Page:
Innovation@Work: Utilizing a Balanced Scorecard in Performance Management
Effective performance management is key to staff development and retention. For Citizen Schools, taking a strategic and quantitative approach to performance management has helped to keep staff on track with organization-wide goals.
Citizen Schools is a national organization which partners with middle schools to expand the learning day for approximately 4,500 low-income children in seven states across the country. Citizen School does this by mobilizing a second shift of afternoon educators, who provide academic support, leadership development, and “apprenticeships”—hands-on projects taught by volunteers from business and civic organizations.
Guiding the overall work of Citizen Schools is a balanced scorecard, a results-based management system that looks at an organization’s success across a number of measures, such as fundraising and programmatic goals. Based on the balanced scorecard, every staff member has individual goals on which they are evaluated.
According to Kristin Brennan, Chief Talent Officer at Citizen Schools, the integration of the balanced scorecard into performance management promotes accountability to organization-wide goals for every staff member. “When we map staff goals to the organization’s goals, we can see, and staff can see, how those individual goals drive our overall accomplishments,” says Kristin.
To manage staff progress against their individual goals, all staff meet with their supervisors for a bi-annual and annual performance review. Using the balanced scorecard as a guide, staff are evaluated against the following criteria:
- Business goals – essentially “what” a staff member accomplished. Business goals reflect quantitative metrics, for example specific fundraising targets or number of clients served. These goals tie directly to the metrics of the balanced scorecard.
- Core competencies – essentially “how” a staff member accomplished their work. Core competencies could include project management, strategic planning or building partnerships. Competencies are a qualitative measure of how an employee met their business goals.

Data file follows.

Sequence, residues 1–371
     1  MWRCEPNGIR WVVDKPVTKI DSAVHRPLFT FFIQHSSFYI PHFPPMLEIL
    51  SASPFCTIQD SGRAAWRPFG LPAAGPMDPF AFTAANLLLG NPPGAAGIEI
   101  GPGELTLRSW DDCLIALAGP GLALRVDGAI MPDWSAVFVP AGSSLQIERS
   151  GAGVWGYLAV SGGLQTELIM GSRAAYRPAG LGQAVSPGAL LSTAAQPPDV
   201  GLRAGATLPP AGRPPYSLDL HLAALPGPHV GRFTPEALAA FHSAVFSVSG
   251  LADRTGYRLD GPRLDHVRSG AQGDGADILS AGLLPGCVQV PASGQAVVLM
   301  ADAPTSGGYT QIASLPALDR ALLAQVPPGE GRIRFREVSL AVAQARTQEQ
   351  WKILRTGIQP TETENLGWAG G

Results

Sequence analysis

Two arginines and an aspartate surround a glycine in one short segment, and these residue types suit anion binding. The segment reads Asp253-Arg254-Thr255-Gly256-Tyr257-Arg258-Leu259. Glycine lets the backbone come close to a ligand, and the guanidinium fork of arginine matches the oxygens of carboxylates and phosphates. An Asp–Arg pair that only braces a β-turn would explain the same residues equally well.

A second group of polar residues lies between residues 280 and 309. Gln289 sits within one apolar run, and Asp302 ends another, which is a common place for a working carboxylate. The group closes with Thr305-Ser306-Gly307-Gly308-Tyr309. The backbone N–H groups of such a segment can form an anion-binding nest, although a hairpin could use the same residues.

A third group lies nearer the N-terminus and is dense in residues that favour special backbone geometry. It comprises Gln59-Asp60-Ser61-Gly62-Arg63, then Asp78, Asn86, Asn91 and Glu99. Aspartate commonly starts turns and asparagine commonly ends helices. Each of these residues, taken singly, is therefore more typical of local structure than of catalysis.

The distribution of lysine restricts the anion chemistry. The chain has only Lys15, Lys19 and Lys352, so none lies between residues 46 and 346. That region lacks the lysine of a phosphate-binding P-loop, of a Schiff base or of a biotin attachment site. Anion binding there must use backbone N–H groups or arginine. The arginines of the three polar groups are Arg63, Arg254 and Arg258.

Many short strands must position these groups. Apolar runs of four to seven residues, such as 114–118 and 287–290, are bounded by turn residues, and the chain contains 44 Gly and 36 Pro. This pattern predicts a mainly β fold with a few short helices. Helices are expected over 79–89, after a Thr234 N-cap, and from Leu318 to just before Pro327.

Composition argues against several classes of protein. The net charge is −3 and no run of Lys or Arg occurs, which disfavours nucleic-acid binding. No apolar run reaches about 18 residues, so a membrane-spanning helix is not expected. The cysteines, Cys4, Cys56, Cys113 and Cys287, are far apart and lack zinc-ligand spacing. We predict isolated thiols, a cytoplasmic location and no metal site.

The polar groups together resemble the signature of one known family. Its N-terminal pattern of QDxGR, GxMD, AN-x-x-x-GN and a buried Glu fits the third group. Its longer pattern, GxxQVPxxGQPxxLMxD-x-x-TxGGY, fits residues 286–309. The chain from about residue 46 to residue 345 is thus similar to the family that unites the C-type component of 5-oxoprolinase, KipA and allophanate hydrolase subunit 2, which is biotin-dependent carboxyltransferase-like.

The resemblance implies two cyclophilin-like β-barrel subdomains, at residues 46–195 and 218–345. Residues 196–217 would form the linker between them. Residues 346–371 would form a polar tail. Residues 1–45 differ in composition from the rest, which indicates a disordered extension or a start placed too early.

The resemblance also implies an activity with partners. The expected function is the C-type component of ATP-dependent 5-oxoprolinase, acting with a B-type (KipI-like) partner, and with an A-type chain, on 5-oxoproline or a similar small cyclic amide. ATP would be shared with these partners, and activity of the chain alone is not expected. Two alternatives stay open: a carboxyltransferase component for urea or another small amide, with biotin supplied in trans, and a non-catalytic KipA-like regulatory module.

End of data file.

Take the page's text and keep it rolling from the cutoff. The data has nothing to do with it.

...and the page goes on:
Kristin describes the adoption of this performance management framework as “common sense.” Three years ago, the organization integrated individual business goals into the review process. “As a data-driven organization, we needed an objective way to define the work that needed to get done,” says Kristin, “While the foundation of the balanced scorecard made this change possible, it was the scale and diversification of positions that made it necessary. As we grew from 200 to 400 staff, we saw the introduction of highly specialized roles that required a more objective approach to performance management.”
“Having goals tied to the balanced scorecard lends a degree of focus across our growing organization. Staff performance cannot exist in silos. Instead, our work and accomplishments all reflect overarching organization goals,” adds Kristin.
The results of this performance management system have been tangible. For example, the organization has a business goal for diversifying the corps of teaching staff. In the past few years, this number has grown from 30% to 50%.
For organizations that do not have a balanced scorecard, Kristin suggests a few ways to tie overall organizational measures to individual performance:
1. First and foremost, understand your organization-wide goals. Answer the questions: What matters to us? What are we trying to achieve?
2. Define the quantitative measures for every position. Tie these metrics to the overall organizational goals.
3. Define the core competencies required for every position. Figure out what qualities are needed to meet the quantitative goals.
Citizen Schools has been kind enough to share their balanced scorecard with the Commongood Careers community. Download the sample balanced scorecard here.